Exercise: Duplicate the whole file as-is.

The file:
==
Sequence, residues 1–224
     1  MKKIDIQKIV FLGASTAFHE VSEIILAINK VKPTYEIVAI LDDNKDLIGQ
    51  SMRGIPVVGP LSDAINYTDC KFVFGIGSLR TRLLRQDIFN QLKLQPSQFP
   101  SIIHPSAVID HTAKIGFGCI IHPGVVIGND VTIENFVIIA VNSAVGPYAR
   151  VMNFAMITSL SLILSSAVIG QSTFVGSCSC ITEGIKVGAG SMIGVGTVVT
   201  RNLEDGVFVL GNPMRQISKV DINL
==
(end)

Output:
Sequence, residues 1–224
     1  MKKIDIQKIV FLGASTAFHE VSEIILAINK VKPTYEIVAI LDDNKDLIGQ
    51  SMRGIPVVGP LSDAINYTDC KFVFGIGSLR TRLLRQDIFN QLKLQPSQFP
   101  SIIHPSAVID HTAKIGFGCI IHPGVVIGND VTIENFVIIA VNSAVGPYAR
   151  VMNFAMITSL SLILSSAVIG QSTFVGSCSC ITEGIKVGAG SMIGVGTVVT
   201  RNLEDGVFVL GNPMRQISKV DINL